26 October 2012 20,818 One Comment
(A guest post by Dr. Doug Green at http://www.drdouggreen.com/).
With all of the news about Lance Armstrong, who seems to be the poster boy for performance enhancing drugs (PEDs), I think it’s time to look at how this situation impacts schools. School districts in many districts have been testing high school students for a while to see it they are engaged in the kind of cheating that Lance has been accused of. In some districts the testing goes beyond sports to extra curricular activities. You have to wonder what kind of PED’s the chess team is taking. At the same time, we also are hearing outcries about medications given to students so that they can perform better in the classroom. The most common efforts involve prescriptions for drugs like Ritalin and Adderall for children who supposedly have attention deficit disorder, which may also feature hyperactivity or ADHD. The idea is that drugs such as these will help the child focus and sit still. The opposing view that is getting more air today, is that if we can’t change the environment, let’s change the kids. If you listen to Sir Ken Robinson, what we are doing is drugging kids so that they can focus on boring stuff.
In some districts, the results of standardized tests are used to determine which middle school or high school a student can attend. That could mean that kids who take study drugs, like I did in college, have an unfair advantage similar to a bicycle racer who takes testosterone. That’s right, I took amphetamines my senior year in college to help me cram for some finals. At the time, the infirmary at the girl’s school across town would give diet pills to anyone who asked. It was common for guys in my fraternity to get some from their girl friends, and I can assure you that they helped me focus on boring stuff.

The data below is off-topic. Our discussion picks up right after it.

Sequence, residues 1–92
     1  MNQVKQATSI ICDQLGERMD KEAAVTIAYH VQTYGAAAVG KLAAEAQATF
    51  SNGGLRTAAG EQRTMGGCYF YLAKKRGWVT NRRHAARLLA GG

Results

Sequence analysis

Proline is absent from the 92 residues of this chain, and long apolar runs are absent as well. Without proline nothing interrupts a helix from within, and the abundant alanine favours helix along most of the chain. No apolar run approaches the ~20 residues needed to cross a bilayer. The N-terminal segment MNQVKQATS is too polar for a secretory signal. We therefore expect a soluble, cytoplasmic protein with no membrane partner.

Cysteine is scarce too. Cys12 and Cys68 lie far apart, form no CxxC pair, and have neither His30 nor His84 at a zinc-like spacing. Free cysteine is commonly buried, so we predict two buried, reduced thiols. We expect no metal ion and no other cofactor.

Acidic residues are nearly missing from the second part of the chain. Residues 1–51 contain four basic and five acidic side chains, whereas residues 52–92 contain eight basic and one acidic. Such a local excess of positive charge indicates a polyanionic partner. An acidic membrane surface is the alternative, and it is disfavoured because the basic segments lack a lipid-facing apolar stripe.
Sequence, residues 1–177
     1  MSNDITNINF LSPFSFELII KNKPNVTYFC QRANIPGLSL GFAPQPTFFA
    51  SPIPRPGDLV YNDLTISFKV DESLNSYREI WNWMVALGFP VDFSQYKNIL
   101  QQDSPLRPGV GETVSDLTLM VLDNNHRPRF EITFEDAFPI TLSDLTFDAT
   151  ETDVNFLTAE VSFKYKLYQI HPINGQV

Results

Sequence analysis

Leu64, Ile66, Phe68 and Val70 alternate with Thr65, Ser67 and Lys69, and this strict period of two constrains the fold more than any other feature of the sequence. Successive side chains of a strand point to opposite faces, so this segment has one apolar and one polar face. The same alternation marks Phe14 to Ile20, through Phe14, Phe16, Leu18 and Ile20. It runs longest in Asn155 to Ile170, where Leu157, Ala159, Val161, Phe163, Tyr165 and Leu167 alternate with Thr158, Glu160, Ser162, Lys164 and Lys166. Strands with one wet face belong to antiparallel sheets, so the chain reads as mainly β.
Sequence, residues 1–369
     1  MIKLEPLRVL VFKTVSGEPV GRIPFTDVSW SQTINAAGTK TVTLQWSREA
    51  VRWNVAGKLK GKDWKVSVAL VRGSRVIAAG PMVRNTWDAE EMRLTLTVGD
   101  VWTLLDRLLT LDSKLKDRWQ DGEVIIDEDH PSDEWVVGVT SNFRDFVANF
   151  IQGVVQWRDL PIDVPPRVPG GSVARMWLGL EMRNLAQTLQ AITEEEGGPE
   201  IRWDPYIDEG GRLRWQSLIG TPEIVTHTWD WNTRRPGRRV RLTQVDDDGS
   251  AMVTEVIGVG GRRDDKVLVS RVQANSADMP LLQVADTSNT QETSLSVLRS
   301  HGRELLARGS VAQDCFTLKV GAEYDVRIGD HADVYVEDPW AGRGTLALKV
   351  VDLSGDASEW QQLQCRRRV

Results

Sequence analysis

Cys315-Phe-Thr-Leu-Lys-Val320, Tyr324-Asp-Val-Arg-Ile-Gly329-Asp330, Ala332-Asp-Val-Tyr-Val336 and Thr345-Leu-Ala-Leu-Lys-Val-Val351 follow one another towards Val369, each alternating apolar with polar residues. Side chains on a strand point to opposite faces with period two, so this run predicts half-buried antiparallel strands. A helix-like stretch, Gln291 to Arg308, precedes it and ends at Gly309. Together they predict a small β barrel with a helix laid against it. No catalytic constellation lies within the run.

My point here is that the current system encourages drug taking and a testing system that serves to stress students and teachers alike. While I don’t have high hopes that our policy makers will wake up anytime soon to the folly of the No Child Left Behind and Race to the Top testing culture, there may be hope from parents who are keeping their kids home on testing days. An article in the October 14, 2012 New York Times http://nyti.ms/QZsIO3 tells of how 90% of parents in an upper middle class school in Brooklyn are keeping their kids home for state field tests. These are tests the test makers give to fine tune the items before they show up on the real thing. As you might expect, poorer parents whose kids have the most to lose are less likely to do so. If you are reading this, I encourage you to raise your voice so the time will come sooner when the harmful test culture will come to an end. As we have seen from other Internet viral responses to stupid things, together we can do it.